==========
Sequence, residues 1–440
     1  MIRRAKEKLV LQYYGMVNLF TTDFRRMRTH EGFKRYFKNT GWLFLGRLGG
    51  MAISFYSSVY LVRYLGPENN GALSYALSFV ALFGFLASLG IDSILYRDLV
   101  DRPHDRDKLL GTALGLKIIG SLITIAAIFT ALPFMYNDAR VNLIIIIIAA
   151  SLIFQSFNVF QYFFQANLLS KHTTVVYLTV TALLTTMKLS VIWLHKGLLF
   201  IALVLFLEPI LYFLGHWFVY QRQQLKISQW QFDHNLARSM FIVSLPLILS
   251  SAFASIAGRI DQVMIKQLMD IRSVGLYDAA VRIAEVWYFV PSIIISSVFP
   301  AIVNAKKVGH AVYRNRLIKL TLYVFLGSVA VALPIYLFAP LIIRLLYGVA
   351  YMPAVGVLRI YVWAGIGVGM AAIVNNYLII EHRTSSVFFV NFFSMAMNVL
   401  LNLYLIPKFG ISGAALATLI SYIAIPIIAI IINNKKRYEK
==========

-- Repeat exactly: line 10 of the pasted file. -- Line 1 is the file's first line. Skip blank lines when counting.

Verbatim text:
   401  LNLYLIPKFG ISGAALATLI SYIAIPIIAI IINNKKRYEK